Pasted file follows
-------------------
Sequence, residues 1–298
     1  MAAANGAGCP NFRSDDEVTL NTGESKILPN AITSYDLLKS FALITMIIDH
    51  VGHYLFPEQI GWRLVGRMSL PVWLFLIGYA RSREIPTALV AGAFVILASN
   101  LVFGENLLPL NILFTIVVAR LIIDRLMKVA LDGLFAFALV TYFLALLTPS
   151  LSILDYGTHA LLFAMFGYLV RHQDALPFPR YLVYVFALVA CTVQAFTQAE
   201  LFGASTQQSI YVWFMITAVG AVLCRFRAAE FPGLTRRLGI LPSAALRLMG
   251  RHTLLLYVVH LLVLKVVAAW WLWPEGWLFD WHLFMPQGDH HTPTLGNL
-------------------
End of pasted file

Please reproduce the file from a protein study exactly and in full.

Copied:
Sequence, residues 1–298
     1  MAAANGAGCP NFRSDDEVTL NTGESKILPN AITSYDLLKS FALITMIIDH
    51  VGHYLFPEQI GWRLVGRMSL PVWLFLIGYA RSREIPTALV AGAFVILASN
   101  LVFGENLLPL NILFTIVVAR LIIDRLMKVA LDGLFAFALV TYFLALLTPS
   151  LSILDYGTHA LLFAMFGYLV RHQDALPFPR YLVYVFALVA CTVQAFTQAE
   201  LFGASTQQSI YVWFMITAVG AVLCRFRAAE FPGLTRRLGI LPSAALRLMG
   251  RHTLLLYVVH LLVLKVVAAW WLWPEGWLFD WHLFMPQGDH HTPTLGNL